If the Syrian crisis leads to the establishment of a semi-autonomous Kurdish state in northern Syria, whereby the Kurdistan Workers' Party acquires a safe haven from where it may launch attacks against Turkey's armed forces, the ongoing turmoil in southeastern Turkey could greatly expand. If a desperate Assad wages a chemical attack in Aleppo - prompting a NATO military operation in Syria - Turkey could find itself at war with forces supported by the countries Turkey depends on for natural gas imports - Russia and Iran. Furthermore, if radical Salafist factions (including Jabhat Al-Nusra, the Ahrar Al-Sham Brigades or the Suqur Al-Sham Division) were to acquire power within Syria, new security dilemmas will arise for all states in the region.

In sum, the Syrian crisis has pushed Turkey away from its idealistic "zero problems with neighbors" approach to foreign policy and more toward a pro-democracy, moderate, Sunni Islamist foreign policy. While Turkey's government is subject to criticism for curtailing certain civil liberties, it is unquestionably the Middle East's most democratic Muslim-majority state. In addition, Turkey has earned respect on the Arab Street as a beacon of democracy in the Middle East. The AKP's efforts to promote a more Islamist political agenda have also been well received among some of Syria's conservative Sunnis, who resent the secular Alawite-led Ba'athist regime.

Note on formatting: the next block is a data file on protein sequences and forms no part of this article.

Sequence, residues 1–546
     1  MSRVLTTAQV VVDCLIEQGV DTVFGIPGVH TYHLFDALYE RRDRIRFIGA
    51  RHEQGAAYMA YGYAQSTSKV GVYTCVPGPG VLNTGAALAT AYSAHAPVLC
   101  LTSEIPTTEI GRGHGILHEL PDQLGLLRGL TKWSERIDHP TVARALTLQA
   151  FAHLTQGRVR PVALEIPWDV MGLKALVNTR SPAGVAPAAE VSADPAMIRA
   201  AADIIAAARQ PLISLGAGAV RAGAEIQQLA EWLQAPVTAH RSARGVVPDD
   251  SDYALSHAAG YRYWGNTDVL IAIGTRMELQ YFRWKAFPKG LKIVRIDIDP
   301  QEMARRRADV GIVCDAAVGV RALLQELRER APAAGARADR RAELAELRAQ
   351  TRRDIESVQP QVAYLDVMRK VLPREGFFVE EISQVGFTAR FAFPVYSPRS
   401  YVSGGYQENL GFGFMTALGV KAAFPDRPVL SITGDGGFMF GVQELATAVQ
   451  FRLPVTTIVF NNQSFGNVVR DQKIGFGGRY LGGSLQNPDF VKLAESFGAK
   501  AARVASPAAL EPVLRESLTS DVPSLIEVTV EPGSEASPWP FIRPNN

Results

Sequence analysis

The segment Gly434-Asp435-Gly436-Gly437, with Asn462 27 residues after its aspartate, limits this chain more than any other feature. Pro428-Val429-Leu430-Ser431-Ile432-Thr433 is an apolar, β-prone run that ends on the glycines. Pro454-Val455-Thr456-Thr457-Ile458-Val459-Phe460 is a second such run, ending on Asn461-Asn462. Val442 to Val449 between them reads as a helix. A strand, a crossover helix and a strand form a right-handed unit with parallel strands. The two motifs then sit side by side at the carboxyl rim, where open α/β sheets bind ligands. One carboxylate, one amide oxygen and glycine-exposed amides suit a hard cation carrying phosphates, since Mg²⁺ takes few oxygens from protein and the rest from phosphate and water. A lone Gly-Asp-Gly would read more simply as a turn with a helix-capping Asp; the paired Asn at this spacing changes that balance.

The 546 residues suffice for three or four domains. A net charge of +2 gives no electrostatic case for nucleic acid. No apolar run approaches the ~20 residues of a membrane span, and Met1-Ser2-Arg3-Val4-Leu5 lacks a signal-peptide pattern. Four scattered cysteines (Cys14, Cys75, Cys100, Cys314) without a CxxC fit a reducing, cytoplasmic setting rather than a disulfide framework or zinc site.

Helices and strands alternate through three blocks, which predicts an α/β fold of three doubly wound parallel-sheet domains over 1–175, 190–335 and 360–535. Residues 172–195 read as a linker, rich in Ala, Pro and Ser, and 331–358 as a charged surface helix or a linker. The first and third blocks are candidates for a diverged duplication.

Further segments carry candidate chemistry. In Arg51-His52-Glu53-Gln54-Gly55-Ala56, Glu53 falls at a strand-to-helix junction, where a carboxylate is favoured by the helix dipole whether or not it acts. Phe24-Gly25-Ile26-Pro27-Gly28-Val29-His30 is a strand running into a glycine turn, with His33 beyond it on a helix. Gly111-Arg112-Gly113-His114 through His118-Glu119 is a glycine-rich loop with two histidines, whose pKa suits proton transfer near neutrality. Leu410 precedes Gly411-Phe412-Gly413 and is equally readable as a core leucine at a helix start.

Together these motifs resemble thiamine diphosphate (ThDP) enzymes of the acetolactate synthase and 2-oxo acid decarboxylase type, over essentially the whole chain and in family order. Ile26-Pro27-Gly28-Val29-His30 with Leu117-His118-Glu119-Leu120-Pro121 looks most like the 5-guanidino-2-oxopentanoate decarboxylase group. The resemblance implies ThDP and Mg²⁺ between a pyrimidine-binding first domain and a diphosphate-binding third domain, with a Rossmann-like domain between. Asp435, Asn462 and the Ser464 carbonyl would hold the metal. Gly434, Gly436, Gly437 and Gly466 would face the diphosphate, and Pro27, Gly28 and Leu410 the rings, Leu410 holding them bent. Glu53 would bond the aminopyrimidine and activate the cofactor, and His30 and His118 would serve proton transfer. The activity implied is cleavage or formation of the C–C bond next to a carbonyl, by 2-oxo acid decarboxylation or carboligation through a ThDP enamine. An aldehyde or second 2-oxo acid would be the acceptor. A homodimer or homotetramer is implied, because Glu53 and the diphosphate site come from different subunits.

For those devout Syrian Muslims who dream of a new country where the mosque plays a greater role in governance, the AKP therefore offers a path for their future. Given the Syrian Muslim Brotherhood's stated admiration of the Turkish model, Erdoğan's high approval ratings on the Arab Street, and the commercial opportunities that greater ties with Turkey could bring to a post-Assad Syria, it is understandable why Ankara has placed its bets on the Assad regime collapsing and a pro-AKP Islamist order replacing it. The proof will of course be in the pudding, however, and the truth is, no one knows what is going to happen next, or what the end game will bring to Syria. Turkey is betting that Assad will fall, and it wants to be first in line to influence the successor government. There's nothing 'soft' about that approach to foreign policy, nor is it likely to result in zero problems going forward. It may all backfire, depending on who takes control in Damascus.

Daniel Wagner is CEO of Country Risk Solutions, a cross-border risk management firm based in Connecticut (USA), and author of the book "Managing Country Risk". Giorgio Cafiero is a research analyst with CRS.